As previously stated, businesses must ensure that they unequivocally own the outputs produced by AI tools. Often, the proprietary nature of a developed technology can be the largest asset of an emerging company, and contracts with AI vendors should safeguard that value. Accordingly, clarity around who owns the resultant IP, and under what conditions, is crucial to avoid future legal entanglements that could obstruct business growth or acquisition opportunities. 

It may also be appropriate to negotiate representations and warranties that the AI vendor will comply with all applicable laws. Regulators and legislatures are particularly focused on decisions made using automated technologies that impact a human person. These types of regulations regularly pertain to the use of tools for decisions that impact the legal rights of individuals, such as hiring or firing decisions, insurance coverage, housing decisions, and other similar decisions. However, even the use of AI tools to optimize supply chain processes or better manage employees in manufacturing processes could become subject to these regulations. Accordingly, compliance warranties from vendors should cover not only the immediate functionalities of the AI but also broader regulatory areas, such as privacy, data protection, and non-discrimination, each of which may be substantially implicated by the use of AI tools in the regular course of business. 

Contracting for the appropriate allocation of risk and liability can be equally critical. Businesses should seek to carve out exceptions to limitations of liability. Certain harms, such as data breaches, discrimination arising from biased AI algorithms, or gross negligence, should not be subject to standard caps on liability. Similarly, businesses should push for indemnity from vendors for third-party claims resulting from violation of laws, intellectual property infringement, violations of privacy or publicity rights of individuals, cybersecurity incidents, discrimination, or other harms that could result from the intended use of the technology. 

Further, when leveraging a technological ecosystem that thrives on data, robust security assurances from vendors must be a non-negotiable element of any contract, covering both company information used in connection with the tool, and the security of vendor systems generally. The vendor should warrant that the system will be deployed with adequate safeguards to protect licensees’ confidential information and user data, and clear procedures should be established to outline obligations for notification and remediation of security incidents. 

It is critical to prioritize future and potential growth scenarios for the business when contracting with AI vendors. There is risk inherent in becoming too reliant on a single AI vendor, which may change its services, go out of business, or otherwise become non-competitive relative to the broader market of available services. Accordingly, contracts should include provisions for the smooth transition of services if the business outgrows the vendor, if the vendor’s business fails, or if the services become non-competitive due to pricing or obsolescence. Data interoperability and accessibility clauses will ensure that a company’s valuable data assets remain available and transferable, maintaining operational continuity and competitive advantage. 

Last, businesses should require transparency from their AI vendors, which can be essential for proving a breach or violation if there is ever an issue with the services. AI products can sometimes operate like a “black box,” where it can be unclear what decisions were made to arrive at the ultimate output. Therefore, seeking comprehensive documentation to understand system capabilities, the development process, and operational mechanics can be essential for demonstrating the cause of any issues. This level of clarity will facilitate more effective usage, efficient dispute resolution, and compliance with legal requirements.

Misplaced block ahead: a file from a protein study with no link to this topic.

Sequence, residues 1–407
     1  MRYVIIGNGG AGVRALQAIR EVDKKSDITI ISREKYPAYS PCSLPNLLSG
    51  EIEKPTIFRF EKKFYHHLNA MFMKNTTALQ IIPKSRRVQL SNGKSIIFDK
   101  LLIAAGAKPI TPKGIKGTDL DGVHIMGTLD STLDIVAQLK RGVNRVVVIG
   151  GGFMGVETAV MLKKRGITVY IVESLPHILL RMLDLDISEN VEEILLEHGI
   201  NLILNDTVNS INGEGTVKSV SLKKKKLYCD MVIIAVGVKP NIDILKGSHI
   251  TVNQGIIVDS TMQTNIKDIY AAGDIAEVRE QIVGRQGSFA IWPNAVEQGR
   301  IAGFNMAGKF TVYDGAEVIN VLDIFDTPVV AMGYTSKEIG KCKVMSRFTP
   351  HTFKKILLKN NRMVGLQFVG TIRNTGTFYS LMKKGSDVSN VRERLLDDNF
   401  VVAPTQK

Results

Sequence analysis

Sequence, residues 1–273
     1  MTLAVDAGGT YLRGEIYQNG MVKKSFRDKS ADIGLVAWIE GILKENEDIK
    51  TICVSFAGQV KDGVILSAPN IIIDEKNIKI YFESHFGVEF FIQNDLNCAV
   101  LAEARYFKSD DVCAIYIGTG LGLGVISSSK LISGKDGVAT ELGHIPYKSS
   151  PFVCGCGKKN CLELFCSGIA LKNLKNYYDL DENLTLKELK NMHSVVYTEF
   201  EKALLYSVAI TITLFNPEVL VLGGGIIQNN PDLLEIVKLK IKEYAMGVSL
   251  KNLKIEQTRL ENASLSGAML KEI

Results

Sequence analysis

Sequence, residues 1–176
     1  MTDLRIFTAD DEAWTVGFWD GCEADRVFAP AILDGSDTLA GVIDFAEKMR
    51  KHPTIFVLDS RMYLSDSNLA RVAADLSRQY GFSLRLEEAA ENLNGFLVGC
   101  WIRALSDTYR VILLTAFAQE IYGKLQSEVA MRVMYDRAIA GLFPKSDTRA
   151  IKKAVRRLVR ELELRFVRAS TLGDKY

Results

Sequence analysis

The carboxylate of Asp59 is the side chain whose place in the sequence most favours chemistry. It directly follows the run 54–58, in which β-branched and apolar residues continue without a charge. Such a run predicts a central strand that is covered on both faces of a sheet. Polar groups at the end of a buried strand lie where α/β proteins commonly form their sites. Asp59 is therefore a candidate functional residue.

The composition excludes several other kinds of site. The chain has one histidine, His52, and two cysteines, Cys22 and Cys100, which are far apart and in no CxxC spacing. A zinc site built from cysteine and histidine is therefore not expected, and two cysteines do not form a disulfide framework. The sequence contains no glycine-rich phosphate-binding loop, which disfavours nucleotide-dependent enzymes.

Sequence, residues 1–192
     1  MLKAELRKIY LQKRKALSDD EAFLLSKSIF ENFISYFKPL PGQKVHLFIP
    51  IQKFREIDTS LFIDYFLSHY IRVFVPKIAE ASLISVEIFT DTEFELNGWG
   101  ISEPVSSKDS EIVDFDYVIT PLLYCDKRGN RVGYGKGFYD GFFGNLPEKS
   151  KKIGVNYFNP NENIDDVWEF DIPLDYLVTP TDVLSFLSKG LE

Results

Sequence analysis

Bottom Line

Given the complexities of navigating the modern business environment with AI integration, businesses must approach these relationships with strategic forethought. Executing contracts with AI vendors is not only about safeguarding present operations; it is also about insuring the company against future uncertainties.

To harness the power of AI responsibly and effectively, businesses should leverage contractual relationships to build robust legal and operational frameworks that protect their interests at every stage of business development. A proactive approach ensures that businesses remain agile and secure in their growth, maintain strategic control of their innovations, and are prepared to meet the challenges and exploit the opportunities that the future holds. With the right contracting practices, businesses can turn AI implementation from a potential risk into a calculated investment in their burgeoning enterprise’s long-term viability and success.


Stoel Rives is a leading US corporate and litigation law firm providing sophisticated business clients high quality legal services. With offices in seven states and Washington, D.C., Stoel Rives is a nationally recognized leader in project finance and the energy and natural resources industries. From deals and disputes to compliance and counseling, clients turn to Stoel Rives for their most complex business challenges.

About the Author

Joe Heinlein is an attorney at Stoel Rives LLP and serves as a trusted advisor to clients on a wide range of technology-related matters, including with respect to intellectual property and technology transactions, AI adoption/development, data privacy, and cybersecurity. Joe’s practice combines a strong corporate M&A background with technical experience, bringing a multidisciplinary perspective to transactions and counseling.